The game happened yesterday when the couple were at Drumchapel Table Tennis Club in Scotland.
Blaming me gets people talking, and I understand how that game works.
“I literally have to make everything a game for him,” Wixom told The Daily Beast in a phone interview.
For 40 episodes, House Lannister has been the clan that game of Thrones fans love to hate.
All of them were still hung up on the result of the England-USA game and the goalkeeping gaffe that resulted in the American goal.
The game has been located, and Sir Donald can investigate at leisure.
She says the only real sport to be got out of the game is to play it according to rule.
But when they comes on and finds the new wife—Well, the game is blocked.
I am out of the game, and why should not I look upon its chances?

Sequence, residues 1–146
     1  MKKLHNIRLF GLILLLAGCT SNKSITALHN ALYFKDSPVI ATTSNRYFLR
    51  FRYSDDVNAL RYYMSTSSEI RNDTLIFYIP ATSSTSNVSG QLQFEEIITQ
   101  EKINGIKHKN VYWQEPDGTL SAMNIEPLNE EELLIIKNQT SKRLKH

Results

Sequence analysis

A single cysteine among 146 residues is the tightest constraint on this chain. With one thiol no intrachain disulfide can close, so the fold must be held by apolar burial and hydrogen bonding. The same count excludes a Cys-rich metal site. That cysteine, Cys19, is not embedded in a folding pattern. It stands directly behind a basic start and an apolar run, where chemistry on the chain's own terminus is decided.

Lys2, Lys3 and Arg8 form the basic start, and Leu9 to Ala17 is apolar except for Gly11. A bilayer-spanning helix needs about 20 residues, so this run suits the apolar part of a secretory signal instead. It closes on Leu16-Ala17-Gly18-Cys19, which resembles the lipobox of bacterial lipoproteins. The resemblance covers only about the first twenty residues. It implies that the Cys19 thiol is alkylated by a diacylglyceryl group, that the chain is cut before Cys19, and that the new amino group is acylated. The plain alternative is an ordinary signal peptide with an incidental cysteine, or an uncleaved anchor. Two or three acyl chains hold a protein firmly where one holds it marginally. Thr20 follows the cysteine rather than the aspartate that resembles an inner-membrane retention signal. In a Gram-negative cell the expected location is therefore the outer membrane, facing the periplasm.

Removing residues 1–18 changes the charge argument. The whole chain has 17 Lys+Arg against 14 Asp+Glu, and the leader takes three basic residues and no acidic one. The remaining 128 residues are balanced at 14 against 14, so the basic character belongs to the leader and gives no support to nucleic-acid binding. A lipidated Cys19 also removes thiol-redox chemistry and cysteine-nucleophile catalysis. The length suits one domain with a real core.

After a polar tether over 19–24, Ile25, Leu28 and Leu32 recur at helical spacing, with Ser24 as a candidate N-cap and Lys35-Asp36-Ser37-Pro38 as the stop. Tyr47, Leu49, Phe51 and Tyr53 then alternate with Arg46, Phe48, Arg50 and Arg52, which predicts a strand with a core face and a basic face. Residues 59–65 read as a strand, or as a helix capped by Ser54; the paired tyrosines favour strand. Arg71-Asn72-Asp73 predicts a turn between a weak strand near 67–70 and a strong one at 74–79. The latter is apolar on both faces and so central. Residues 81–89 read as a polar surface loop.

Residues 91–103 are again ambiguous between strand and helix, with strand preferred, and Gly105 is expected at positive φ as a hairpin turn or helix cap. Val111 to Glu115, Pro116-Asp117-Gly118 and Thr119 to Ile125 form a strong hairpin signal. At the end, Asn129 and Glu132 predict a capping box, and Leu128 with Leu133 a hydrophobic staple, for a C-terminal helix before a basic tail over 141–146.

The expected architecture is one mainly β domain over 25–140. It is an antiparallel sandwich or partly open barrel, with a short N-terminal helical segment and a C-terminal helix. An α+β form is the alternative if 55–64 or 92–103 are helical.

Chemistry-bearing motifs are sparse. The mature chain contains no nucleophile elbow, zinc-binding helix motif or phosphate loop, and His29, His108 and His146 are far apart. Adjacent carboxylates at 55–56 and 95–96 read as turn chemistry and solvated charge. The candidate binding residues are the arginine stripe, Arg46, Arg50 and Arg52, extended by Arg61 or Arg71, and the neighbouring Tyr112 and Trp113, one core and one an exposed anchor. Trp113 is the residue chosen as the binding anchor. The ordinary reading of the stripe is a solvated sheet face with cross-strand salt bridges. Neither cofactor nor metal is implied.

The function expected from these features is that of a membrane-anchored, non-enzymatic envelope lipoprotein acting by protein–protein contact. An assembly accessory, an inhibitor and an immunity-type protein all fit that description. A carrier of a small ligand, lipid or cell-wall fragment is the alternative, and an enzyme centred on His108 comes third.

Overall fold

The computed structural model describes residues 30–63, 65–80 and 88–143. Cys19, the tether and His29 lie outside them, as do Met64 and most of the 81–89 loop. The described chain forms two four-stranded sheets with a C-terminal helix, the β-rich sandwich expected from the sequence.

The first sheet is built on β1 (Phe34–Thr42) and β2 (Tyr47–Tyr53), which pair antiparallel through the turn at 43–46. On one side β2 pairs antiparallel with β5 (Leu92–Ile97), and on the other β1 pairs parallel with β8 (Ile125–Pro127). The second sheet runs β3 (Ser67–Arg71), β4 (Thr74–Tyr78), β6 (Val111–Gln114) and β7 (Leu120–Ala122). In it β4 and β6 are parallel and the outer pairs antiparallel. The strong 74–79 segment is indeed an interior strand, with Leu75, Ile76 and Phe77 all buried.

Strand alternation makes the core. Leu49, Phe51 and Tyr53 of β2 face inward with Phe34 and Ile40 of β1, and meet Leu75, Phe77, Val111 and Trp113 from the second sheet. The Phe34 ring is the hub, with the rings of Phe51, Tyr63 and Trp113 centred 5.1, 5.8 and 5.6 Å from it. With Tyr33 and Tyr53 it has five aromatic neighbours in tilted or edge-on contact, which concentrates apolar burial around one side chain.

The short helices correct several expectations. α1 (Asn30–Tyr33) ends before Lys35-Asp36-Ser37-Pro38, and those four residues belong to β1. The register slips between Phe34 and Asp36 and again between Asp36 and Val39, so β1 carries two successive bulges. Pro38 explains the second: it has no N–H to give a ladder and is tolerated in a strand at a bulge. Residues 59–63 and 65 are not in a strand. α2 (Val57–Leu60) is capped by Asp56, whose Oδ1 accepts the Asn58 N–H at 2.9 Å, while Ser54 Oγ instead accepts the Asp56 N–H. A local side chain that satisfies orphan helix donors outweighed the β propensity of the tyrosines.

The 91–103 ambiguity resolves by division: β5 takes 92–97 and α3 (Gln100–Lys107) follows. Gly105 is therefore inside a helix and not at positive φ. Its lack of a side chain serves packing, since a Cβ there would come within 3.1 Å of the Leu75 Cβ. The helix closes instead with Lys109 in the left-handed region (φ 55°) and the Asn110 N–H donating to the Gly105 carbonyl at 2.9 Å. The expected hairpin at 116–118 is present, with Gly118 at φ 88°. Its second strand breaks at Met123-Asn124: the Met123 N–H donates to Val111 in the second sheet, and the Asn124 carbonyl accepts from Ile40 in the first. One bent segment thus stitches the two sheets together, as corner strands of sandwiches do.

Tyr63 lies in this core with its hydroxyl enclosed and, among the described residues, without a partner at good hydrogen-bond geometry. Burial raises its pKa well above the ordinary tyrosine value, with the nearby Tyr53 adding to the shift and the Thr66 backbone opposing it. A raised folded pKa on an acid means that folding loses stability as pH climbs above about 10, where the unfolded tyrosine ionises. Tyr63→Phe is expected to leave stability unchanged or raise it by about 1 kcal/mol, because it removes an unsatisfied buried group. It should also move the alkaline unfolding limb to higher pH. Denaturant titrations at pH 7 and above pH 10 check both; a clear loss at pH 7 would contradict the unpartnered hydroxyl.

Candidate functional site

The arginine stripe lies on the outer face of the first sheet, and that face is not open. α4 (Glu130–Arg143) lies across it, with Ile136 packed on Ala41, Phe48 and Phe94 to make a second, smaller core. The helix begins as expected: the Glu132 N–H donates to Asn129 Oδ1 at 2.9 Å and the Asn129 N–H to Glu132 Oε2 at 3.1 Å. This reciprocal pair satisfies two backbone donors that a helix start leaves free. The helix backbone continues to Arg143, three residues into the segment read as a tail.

Just have Mr. Greene attend the game, and if possible the trustees of this church.
Old English gamen "game, joy, fun, amusement," common Germanic (cf. Old Frisian game "joy, glee," Old Norse gaman, Old Saxon, Old High German gaman "sport, merriment," Danish gamen, Swedish gamman "merriment"), regarded as identical with Gothic gaman "participation, communion," from Proto-Germanic *ga- collective prefix + *mann "person," giving a sense of "people together."
Meaning "contest played according to rules" is first attested c.1300. Sense of "wild animals caught for sport" is late 13c.; hence fair game (1825), also gamey. Game plan is 1941, from U.S. football; game show first attested 1961.
"lame," 1787, from north Midlands dialect, of unknown origin, perhaps a variant of gammy (tramps' slang) "bad," or from Old North French gambe "leg" (see gambol (n.)).
"brave, spirited," 1725, especially in game-cock "bird for fighting," from game (n.). Middle English had gamesome (adj.) "joyful, playful, sportive."